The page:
Fixed Interest Rate

Financial Dictionary -> Loans -> Fixed Interest Rate

On loans and other forms of credit, lenders charge interest, which is a percentage of the principal amount. By the end of the loan term the borrower will have paid back the principal amount, plus interest on top. The percentage of the principal amount used as interest is known as the interest rate.

With a fixed interest rate, the percentage of the principal amount does not fluctuate over the maturity of the loan, remaining the same as it did from day one, until the final payment. For example taking out a loan of $50,000 with a 4 percent fixed interest rate, means no matter what the fluctuations are in the economy, the interest rate will always be at 4 percent.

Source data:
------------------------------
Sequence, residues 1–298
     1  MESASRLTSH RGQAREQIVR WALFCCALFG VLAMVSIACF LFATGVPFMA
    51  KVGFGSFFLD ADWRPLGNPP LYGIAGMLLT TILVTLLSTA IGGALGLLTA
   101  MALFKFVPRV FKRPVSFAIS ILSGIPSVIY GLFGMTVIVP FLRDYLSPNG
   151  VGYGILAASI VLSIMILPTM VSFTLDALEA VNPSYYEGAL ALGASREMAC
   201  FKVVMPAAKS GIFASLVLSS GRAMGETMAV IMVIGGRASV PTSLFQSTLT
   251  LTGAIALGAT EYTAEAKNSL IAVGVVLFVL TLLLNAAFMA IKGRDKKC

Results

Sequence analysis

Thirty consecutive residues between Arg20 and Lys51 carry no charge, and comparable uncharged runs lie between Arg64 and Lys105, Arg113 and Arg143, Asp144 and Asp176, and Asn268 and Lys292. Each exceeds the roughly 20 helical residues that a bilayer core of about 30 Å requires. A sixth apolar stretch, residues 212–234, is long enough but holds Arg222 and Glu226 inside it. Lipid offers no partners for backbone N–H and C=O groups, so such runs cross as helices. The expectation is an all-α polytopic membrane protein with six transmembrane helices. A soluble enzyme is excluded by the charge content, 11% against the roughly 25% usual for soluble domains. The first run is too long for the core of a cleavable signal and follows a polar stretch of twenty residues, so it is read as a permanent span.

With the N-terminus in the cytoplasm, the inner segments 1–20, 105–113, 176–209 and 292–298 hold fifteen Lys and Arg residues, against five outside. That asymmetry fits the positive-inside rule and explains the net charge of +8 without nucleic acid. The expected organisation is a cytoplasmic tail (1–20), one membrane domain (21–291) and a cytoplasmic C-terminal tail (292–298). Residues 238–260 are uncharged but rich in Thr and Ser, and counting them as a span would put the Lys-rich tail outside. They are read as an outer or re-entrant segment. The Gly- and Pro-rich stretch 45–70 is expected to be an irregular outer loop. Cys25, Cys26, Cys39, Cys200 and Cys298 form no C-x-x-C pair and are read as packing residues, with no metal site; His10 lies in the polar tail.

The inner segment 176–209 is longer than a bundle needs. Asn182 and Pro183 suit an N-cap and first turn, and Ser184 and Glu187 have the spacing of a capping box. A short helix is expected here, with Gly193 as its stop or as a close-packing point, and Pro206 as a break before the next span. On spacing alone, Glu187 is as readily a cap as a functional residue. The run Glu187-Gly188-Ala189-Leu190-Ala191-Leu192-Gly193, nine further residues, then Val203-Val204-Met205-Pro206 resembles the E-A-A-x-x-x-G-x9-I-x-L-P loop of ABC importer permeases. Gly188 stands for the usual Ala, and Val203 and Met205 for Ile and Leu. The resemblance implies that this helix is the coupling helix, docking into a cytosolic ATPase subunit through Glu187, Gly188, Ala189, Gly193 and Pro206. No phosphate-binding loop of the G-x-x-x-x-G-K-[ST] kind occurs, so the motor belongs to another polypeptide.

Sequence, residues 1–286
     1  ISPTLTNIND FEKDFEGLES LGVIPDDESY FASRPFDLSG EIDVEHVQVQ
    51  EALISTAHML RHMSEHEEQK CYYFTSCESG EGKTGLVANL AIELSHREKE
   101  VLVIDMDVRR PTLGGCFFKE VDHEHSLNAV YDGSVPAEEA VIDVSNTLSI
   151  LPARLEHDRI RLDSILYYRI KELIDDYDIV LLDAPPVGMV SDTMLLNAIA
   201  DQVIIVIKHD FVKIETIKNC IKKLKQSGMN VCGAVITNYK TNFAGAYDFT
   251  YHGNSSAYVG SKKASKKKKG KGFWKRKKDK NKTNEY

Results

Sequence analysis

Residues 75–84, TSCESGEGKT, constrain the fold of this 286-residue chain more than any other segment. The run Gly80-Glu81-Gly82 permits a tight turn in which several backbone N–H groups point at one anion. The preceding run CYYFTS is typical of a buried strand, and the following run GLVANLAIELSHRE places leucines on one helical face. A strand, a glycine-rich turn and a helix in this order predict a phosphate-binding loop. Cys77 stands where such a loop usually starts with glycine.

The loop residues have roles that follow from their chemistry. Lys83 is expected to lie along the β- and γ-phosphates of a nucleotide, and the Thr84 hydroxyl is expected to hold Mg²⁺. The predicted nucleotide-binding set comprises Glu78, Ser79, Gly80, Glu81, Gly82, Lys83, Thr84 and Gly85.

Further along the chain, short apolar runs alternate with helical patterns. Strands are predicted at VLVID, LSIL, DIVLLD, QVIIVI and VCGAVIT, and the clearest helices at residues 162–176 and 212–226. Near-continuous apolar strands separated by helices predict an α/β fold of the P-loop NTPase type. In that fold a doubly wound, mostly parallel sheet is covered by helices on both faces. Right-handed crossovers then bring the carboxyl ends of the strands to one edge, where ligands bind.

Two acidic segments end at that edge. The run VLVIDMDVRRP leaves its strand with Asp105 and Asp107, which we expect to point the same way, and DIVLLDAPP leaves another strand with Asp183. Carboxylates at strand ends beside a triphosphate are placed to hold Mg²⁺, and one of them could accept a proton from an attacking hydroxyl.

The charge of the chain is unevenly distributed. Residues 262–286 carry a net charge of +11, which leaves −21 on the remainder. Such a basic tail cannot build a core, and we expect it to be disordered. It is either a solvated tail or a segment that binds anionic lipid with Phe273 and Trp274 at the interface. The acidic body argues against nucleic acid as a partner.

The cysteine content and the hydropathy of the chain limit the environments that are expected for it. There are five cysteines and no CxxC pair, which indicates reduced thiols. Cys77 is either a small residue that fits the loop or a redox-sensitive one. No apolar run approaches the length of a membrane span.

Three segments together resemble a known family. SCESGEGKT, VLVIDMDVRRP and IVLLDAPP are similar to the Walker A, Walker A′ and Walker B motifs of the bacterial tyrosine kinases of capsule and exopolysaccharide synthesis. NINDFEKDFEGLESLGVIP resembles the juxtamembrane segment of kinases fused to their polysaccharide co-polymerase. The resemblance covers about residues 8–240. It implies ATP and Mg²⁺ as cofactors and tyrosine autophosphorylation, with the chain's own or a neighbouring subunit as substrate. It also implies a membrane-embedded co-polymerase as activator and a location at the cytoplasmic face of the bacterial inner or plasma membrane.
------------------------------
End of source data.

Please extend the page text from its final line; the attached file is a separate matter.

Borrowers may seek out a fixed interest rate on their loan because it enables them to calculate exactly what their monthly payments will be, and exactly the total amount they have to pay altogether. If they can lock in a fixed interest rate during a time when interest rates across the board are very low and the economy is booming it puts them in financially stable position should interest rates rise. In this situation it may turn out bad for the lender, if they cannot raise the interest rate in line with the economy.

Equally however, if a borrower gets a high fixed interest rate and interest rates drop, the loan may seem like a financial burden.

A fixed interest rate is the opposite of a variable interest rate. The latter has received criticism during the recent economic crisis as banks raised interest rates and many borrowers defaulted on their mortgages, losing their homes. It is the responsibility of the lender to assess the creditworthiness of the borrower before handing out a loan.